Organizational structures for democratizing energy: Comparative insights from local initiatives in England

Jack Nicholls, Max Lacey-Barnacle

Research output: Chapter in Book/Report/Conference proceedingChapter in a book


Energy decentralisation and decarbonisation has facilitated the growth of local and community ownership of renewable energy infrastructures. However, the extent to which such novel forms of ownership facilitate ‘energy democracy’ remains in question. Drawing on a wide set of qualitative primary data gathered in England between 2015 – 2019, we compare and contrast community models, the municipal energy model and the corporate governance model. Such governance models are distinctive from ownership types (private limited company and Co-operative). This chapter conducts a critical comparative analysis between these governance models and ownership types in order to understand the nature of democratisation in practice, using energy democracy as a guiding theoretical framework.

The chapter advances conceptual understandings of energy democracy through demonstrating the critical links between ownership and governance. Our findings reveal that limited company developments, when purchasing renewable energy as a local energy initiative, demonstrate limited democratic engagement with anyone beyond their shareholders and exhibited little direct involvement with the communities around the energy infrastructures they deployed. In contrast, the civil society models featured in our analysis demonstrated significant involvement with the local communities in which they were situated. We note that further interdisciplinary and comparative research into the structures used to democratise energy infrastructures is vital, especially in local and contextually specific contexts.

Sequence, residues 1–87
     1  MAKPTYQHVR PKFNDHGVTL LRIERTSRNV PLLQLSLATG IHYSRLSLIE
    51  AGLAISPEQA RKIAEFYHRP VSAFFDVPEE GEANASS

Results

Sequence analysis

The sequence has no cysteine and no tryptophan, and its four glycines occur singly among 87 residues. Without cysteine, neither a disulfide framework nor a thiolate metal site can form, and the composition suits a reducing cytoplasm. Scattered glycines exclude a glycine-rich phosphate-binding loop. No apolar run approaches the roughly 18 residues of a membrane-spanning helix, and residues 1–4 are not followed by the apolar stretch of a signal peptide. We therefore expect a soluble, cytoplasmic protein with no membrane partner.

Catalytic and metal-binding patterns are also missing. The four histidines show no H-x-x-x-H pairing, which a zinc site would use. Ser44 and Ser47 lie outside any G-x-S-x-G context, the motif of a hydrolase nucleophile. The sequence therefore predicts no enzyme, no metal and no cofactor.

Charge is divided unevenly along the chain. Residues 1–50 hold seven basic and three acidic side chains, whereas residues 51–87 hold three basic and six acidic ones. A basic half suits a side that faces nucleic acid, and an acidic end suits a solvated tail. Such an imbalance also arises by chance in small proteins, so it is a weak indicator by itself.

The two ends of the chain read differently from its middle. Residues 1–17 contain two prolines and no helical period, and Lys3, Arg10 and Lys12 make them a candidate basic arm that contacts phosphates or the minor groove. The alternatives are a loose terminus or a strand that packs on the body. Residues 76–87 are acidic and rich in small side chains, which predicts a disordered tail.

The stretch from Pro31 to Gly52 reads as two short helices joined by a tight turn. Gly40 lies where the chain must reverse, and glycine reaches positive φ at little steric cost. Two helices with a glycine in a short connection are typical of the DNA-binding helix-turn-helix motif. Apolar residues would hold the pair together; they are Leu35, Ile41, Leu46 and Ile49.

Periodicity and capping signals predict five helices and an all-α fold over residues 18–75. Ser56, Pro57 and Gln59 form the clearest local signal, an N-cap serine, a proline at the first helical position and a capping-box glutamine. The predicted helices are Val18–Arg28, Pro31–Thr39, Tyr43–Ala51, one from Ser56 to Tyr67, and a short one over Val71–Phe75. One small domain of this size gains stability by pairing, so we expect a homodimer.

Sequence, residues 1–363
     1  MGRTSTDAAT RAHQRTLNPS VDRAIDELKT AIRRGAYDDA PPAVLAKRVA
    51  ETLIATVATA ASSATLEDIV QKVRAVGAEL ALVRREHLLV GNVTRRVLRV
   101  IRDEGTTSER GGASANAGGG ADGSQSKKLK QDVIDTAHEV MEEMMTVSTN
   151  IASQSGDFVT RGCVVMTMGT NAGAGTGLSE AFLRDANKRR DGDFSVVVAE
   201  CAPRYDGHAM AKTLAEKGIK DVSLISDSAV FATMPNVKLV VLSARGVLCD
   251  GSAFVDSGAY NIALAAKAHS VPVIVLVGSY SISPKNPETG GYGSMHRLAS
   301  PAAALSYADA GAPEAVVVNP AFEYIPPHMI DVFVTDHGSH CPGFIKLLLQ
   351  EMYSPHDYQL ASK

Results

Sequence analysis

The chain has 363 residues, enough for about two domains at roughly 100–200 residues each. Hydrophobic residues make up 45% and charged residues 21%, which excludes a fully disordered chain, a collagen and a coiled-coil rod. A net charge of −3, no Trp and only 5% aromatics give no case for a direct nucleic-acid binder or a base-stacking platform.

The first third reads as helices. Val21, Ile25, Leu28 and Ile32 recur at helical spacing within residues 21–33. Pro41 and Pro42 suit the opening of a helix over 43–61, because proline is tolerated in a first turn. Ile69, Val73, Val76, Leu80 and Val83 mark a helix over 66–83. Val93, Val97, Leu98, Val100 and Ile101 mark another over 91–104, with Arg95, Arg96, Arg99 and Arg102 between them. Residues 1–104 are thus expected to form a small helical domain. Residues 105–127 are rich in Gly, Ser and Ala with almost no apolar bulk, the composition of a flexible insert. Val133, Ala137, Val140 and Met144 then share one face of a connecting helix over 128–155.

Original languageEnglish
Title of host publicationDemocratizing Energy
PublisherElsevier Inc.
ISBN (Print)9780128227961
Publication statusPublished - 1 Feb 2022

Structured keywords

  • SPS Children and Families Research Centre


Dive into the research topics of 'Organizational structures for democratizing energy: Comparative insights from local initiatives in England'. Together they form a unique fingerprint.

Cite this